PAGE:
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70th anniversary of Johns’ walkout commemorated

Local listeners and others from across the commonwealth celebrated and commemorated history Friday, April 23, during Moton Live, a 10-hour virtual celebration to honor the 70th anniversary of the 1951 student walkout of Robert Russa Moton High School led by Barbara Rose Johns.

The day-long, entirely virtual event also served to commemorate the 20th anniversary of the opening of the Robert Russa Moton Museum.

Streamed live via Youtube and Facebook, the day was packed with panels, musical performances and guest speakers and included a special message from Virginia Gov. Ralph Northam.

“When I think of Barbara Johns, I am reminded of how brave she was at such a young age,” Northam said. “As a teenager, she led a protest that defied segregation, challenging the barriers that she and her African American peers faced and ultimately helping to dismantle them. Barbara Johns once said the struggle for equal education seemed like reaching for the moon, but she never gave up. She pushed and pushed.”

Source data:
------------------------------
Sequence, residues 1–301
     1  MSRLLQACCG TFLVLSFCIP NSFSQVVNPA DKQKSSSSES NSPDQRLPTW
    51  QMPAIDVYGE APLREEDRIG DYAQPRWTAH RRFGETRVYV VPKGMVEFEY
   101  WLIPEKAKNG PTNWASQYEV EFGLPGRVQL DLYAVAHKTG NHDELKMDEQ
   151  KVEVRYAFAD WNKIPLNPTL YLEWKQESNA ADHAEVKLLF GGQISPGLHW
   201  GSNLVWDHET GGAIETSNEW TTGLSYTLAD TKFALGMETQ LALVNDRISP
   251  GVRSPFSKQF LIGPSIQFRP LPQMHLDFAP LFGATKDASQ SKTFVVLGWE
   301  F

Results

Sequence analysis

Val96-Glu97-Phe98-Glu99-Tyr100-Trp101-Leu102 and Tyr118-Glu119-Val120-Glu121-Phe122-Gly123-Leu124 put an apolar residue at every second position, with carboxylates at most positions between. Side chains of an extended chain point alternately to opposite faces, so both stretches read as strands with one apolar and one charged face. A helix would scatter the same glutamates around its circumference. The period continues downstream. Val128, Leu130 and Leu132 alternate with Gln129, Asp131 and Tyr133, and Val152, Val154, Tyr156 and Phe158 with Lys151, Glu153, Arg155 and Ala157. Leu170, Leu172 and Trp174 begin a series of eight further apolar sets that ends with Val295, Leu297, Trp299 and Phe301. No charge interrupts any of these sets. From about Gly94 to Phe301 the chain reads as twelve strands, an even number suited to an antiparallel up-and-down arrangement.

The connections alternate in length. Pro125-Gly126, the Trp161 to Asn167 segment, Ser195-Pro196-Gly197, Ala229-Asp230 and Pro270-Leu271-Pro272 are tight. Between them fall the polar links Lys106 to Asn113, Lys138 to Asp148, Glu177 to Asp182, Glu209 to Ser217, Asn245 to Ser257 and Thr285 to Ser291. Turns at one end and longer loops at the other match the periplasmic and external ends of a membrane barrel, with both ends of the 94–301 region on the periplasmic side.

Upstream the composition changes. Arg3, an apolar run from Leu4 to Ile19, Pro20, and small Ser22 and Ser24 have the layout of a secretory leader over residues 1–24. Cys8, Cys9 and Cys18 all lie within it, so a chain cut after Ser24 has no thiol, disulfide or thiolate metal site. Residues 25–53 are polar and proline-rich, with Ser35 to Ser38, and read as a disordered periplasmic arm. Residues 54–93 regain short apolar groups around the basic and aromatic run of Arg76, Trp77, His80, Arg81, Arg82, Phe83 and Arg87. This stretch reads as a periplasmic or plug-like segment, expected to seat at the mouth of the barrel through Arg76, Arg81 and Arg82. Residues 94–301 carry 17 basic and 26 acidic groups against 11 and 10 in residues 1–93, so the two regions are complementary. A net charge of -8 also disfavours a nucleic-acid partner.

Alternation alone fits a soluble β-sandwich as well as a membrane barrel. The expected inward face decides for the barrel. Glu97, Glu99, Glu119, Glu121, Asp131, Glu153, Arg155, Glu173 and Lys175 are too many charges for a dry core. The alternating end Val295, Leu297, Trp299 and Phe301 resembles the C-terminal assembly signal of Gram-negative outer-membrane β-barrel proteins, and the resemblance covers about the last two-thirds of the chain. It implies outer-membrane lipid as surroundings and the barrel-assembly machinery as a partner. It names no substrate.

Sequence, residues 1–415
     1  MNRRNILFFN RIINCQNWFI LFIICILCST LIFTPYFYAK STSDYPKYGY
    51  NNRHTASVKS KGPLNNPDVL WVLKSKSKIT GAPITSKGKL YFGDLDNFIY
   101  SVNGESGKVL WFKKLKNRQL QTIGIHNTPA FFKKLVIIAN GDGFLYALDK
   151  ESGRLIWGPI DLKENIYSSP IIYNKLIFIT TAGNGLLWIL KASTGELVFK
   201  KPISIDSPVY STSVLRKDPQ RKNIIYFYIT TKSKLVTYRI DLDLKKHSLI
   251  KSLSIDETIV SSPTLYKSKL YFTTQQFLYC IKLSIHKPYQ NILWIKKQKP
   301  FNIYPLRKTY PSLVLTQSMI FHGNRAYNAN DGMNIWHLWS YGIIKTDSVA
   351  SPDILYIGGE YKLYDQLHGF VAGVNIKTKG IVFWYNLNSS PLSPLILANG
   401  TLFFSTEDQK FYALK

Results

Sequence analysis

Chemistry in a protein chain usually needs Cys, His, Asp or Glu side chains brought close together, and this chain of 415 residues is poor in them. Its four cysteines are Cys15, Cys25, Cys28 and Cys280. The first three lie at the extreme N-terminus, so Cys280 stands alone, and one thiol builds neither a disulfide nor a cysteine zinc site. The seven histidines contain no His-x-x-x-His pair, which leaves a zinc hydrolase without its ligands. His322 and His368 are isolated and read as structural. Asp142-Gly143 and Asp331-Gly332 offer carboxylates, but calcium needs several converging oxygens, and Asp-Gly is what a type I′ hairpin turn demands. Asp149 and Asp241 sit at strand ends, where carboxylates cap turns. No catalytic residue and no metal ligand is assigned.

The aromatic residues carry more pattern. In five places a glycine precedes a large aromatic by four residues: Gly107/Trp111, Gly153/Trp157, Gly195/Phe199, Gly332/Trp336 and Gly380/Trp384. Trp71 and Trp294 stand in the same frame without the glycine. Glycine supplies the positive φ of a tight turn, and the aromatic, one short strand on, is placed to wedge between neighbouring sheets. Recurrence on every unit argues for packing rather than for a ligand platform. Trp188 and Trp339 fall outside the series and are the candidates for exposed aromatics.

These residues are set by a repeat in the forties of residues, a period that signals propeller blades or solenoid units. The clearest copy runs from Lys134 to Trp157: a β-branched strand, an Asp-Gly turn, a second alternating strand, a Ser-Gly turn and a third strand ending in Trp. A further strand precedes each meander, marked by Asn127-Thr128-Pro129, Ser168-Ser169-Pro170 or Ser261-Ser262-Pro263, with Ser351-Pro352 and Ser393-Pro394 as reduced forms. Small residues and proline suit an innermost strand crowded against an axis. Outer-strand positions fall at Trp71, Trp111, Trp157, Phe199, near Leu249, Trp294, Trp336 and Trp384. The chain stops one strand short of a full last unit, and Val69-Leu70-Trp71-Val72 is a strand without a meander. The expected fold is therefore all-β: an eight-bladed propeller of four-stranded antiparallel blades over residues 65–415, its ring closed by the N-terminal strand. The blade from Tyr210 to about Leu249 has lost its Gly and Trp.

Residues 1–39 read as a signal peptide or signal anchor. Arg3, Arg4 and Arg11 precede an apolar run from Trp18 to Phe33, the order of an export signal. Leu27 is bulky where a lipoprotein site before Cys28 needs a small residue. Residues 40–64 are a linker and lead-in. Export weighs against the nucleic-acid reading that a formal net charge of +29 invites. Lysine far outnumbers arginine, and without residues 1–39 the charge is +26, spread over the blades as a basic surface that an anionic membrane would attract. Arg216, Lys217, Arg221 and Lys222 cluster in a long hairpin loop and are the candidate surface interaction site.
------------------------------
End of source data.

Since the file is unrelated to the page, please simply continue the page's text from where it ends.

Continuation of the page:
It has been a huge year for the legacy of Johns and the 1951 walkout she led. In Dec. 2020, Johns was chosen to join George Washington as Virginia’s second representative in the National Statuary Hall Collection in the U.S. Capitol.

In February, Johns’ brave actions were honored with a Virginia historical highway marker installed in Farmville after more than 50 fourth graders at Laurel Ridge Elementary School in Fairfax submitted the idea as a part of Northam’s Black History Month Historical Marker Contest.

“Her persistence is an example for all of us,” Northam said of Johns. “That is how you make change. I am proud that Barbara Johns will soon represent Virginia in the U.S. Capital where her idealism, courage and conviction will continue to inspire Virginians and Americans to speak up and confront inequities in our society now and for generations to come.”

“Having this marker means so much for me and my family,” Joan Johns Cobbs, Moton student striker and sister of Johns, said. “We thank Barbara for having the courage and fearlessness and knowing there was injustice and deciding to do something about it.”